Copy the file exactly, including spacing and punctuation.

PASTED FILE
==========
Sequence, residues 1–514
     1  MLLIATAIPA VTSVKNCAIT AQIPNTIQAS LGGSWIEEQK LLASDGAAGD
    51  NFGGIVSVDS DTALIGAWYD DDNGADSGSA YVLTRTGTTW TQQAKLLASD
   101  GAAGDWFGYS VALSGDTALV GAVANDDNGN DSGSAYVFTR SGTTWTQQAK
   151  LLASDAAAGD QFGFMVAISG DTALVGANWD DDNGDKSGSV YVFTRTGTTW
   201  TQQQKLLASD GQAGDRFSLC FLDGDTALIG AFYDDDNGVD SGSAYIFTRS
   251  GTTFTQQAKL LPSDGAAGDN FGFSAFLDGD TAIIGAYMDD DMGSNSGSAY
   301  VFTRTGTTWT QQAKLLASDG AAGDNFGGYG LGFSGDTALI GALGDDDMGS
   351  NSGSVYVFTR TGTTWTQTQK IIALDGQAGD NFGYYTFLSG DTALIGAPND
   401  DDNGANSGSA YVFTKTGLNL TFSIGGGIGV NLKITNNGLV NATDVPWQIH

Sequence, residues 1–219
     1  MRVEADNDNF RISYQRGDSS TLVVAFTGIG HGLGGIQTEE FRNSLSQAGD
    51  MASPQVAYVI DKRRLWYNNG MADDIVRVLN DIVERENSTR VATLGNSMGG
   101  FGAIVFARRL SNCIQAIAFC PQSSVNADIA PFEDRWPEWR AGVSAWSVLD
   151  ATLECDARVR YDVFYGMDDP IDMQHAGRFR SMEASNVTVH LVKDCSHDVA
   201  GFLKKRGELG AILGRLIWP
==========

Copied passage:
Sequence, residues 1–514
     1  MLLIATAIPA VTSVKNCAIT AQIPNTIQAS LGGSWIEEQK LLASDGAAGD
    51  NFGGIVSVDS DTALIGAWYD DDNGADSGSA YVLTRTGTTW TQQAKLLASD
   101  GAAGDWFGYS VALSGDTALV GAVANDDNGN DSGSAYVFTR SGTTWTQQAK
   151  LLASDAAAGD QFGFMVAISG DTALVGANWD DDNGDKSGSV YVFTRTGTTW
   201  TQQQKLLASD GQAGDRFSLC FLDGDTALIG AFYDDDNGVD SGSAYIFTRS
   251  GTTFTQQAKL LPSDGAAGDN FGFSAFLDGD TAIIGAYMDD DMGSNSGSAY
   301  VFTRTGTTWT QQAKLLASDG AAGDNFGGYG LGFSGDTALI GALGDDDMGS
   351  NSGSVYVFTR TGTTWTQTQK IIALDGQAGD NFGYYTFLSG DTALIGAPND
   401  DDNGANSGSA YVFTKTGLNL TFSIGGGIGV NLKITNNGLV NATDVPWQIH

Sequence, residues 1–219
     1  MRVEADNDNF RISYQRGDSS TLVVAFTGIG HGLGGIQTEE FRNSLSQAGD
    51  MASPQVAYVI DKRRLWYNNG MADDIVRVLN DIVERENSTR VATLGNSMGG
   101  FGAIVFARRL SNCIQAIAFC PQSSVNADIA PFEDRWPEWR AGVSAWSVLD
   151  ATLECDARVR YDVFYGMDDP IDMQHAGRFR SMEASNVTVH LVKDCSHDVA
   201  GFLKKRGELG AILGRLIWP